Kelly Brewster, 32
Kelly Brewster was at the concert with her sister Claire and niece Hollie Booth. She died shielding her niece from the blast and leaves behind a young daughter, Phoebe. Hollie has two broken legs but is safe.
Jane Tweddle-Taylor, 51
Jane Tweddle-Taylor had gone to the Arena with a friend to pick up the friend’s daughter. She was a mother of three: “One of the biggest challenges we’ve had is one of my daughters was away travelling in Australia, so we were trying to pick a time to notify her.”
Nell Jones, 14
Her family and friends had posted appeals on social media saying she was missing following the concert. A student at Holmes Chapel Comprehensive School. She had been recently using crutches after suffering a ligament injury.
These are the 13 out of 22 named victims as of Wednesday, 24th of May at 2pm (GMT)
i keep trying to memorize every detail of the moments i live in. in the soreness of my legs from standing so long at a concert, the chill of the night, the patterns of a tablecloth, the oily texture in my mouth after eating fried bananas. i keep trying to memorize the feelings, the quiet contentedness, the laughter, the excitement. i keep trying to memorize the people, their smiles, the way they speak, what makes them laugh. i’m constantly on the cusp of the next part of my life and that’s just so.. strange. but it makes it so much easier to find happiness no matter what’s happening to me, in a way? because i’m already kind of looking at life with those rose-colored glasses of nostalgia, simply because i know these are times i’ll never be able to live again, and these are people i might not always have, and that makes it so much easier to appreciate everything i might miss later.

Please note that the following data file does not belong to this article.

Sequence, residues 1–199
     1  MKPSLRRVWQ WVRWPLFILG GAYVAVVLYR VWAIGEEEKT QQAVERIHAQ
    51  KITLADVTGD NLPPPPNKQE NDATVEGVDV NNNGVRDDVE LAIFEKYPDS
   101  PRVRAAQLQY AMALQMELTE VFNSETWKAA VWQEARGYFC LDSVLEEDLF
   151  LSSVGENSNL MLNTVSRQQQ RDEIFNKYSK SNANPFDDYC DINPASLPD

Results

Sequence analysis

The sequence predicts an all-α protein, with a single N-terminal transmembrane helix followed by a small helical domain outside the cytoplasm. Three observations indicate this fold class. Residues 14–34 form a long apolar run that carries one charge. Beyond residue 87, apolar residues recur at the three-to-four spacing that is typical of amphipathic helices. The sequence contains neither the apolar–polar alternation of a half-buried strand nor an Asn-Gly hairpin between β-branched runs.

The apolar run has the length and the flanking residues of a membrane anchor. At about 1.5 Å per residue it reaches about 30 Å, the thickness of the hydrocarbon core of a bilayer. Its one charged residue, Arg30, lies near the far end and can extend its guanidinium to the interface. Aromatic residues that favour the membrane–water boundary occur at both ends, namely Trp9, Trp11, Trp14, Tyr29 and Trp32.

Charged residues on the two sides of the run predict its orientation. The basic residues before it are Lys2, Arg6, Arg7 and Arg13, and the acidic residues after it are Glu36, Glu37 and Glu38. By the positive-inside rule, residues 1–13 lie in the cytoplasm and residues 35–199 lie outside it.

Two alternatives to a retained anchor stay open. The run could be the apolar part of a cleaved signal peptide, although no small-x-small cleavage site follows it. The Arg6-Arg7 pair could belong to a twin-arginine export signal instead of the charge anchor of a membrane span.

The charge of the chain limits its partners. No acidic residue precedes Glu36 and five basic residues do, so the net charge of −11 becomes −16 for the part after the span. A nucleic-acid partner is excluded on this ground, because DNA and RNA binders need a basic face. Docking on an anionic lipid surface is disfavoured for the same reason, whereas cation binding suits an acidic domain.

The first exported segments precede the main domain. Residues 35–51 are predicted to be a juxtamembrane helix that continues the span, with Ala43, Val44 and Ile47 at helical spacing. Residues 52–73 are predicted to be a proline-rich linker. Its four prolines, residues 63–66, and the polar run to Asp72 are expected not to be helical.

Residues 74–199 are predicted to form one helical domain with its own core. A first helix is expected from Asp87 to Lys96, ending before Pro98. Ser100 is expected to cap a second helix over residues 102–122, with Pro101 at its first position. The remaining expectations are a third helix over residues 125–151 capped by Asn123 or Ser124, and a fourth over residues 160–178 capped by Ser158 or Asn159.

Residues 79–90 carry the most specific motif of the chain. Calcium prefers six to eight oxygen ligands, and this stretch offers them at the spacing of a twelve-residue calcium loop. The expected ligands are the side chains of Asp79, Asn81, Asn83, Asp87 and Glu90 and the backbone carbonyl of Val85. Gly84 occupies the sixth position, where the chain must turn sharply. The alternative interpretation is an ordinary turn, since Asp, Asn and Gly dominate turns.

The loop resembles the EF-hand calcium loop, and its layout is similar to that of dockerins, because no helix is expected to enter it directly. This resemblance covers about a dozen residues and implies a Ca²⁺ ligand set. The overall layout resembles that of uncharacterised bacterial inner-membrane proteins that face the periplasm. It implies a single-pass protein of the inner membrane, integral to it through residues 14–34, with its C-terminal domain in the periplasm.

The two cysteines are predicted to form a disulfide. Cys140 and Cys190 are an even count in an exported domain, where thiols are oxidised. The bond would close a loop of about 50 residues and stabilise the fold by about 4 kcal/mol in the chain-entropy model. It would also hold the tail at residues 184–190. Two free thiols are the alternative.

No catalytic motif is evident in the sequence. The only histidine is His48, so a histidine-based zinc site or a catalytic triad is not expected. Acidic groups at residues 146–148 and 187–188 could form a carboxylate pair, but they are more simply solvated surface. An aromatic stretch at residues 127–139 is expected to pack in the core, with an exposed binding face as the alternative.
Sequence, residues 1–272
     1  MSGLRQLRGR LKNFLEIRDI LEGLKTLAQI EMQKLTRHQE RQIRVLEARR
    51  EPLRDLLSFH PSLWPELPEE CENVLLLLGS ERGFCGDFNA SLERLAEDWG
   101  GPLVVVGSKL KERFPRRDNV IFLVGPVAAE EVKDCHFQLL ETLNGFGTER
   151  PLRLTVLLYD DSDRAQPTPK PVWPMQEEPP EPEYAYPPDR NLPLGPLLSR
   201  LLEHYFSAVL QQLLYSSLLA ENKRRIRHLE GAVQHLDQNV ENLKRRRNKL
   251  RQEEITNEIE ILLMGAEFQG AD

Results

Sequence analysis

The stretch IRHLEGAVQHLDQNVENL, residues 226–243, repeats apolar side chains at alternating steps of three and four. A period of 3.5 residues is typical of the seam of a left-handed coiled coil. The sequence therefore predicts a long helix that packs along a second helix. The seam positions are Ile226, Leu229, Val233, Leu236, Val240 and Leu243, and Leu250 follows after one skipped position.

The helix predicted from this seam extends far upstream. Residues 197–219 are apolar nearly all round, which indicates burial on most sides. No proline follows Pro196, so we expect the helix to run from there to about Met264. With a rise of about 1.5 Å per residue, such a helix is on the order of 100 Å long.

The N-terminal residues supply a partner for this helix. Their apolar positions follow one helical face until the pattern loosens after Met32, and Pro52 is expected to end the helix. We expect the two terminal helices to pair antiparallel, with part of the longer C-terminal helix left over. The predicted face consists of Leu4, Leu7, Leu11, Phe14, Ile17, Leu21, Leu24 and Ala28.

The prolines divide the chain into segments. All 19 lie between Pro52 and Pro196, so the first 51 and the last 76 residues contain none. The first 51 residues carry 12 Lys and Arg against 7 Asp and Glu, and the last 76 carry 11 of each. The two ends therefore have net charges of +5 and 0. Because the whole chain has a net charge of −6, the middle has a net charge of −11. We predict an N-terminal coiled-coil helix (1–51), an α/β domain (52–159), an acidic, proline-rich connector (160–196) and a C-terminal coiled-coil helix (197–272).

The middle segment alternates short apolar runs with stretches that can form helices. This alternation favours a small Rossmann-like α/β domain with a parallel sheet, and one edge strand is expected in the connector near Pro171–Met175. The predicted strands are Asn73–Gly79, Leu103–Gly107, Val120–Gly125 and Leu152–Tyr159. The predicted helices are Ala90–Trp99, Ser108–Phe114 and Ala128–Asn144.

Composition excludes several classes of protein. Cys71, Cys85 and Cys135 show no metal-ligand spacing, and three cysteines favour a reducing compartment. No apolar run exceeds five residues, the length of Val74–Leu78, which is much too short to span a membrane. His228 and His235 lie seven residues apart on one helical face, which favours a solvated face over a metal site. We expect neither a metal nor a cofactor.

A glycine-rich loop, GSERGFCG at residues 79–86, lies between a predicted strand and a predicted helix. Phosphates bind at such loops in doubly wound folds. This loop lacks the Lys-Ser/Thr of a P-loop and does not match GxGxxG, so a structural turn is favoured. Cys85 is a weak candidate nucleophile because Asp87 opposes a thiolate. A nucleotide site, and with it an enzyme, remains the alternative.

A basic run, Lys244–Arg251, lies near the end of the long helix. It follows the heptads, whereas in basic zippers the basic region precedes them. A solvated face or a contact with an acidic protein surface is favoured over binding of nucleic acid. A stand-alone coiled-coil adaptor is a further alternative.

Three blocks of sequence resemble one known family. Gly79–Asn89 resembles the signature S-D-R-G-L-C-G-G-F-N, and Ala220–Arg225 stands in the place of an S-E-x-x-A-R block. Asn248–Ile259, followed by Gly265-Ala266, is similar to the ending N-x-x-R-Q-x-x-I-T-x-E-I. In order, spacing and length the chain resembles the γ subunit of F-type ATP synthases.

I just finished this beautiful video game called Night in the Woods that I am now absolutely in love with and here is why:
Casual LGBT representation - the protagonist is canonically bisexual (maybe pan!) and is best friends with a gay couple that have very lifelike relationship problems (that have nothing to do with being gay), and the protagonist continually refers to God as “they.” I’m a fan of the ship Maebea, but it’s not openly canon.
Deep talks that are accurate to life - emotions, relationships, beliefs, abuse, mental health, it’s all there and it’s all important.
The CHARACTERS. They are so unbelievably loveable and iconic, and have such a range of emotions and specific reactions to the events in the game that make them all very real as well. They are also all cartoon animals (the protagonist is a cat, and her friends are alligators, bears, and foxes, and her neighborhood includes penguins and raccoons).
There’s a character that just tells you a weak poem every day and has no other real significance but to tell you this poem.
The plot is simultaneously about a cult of ghosts and a
disorder, but more on this later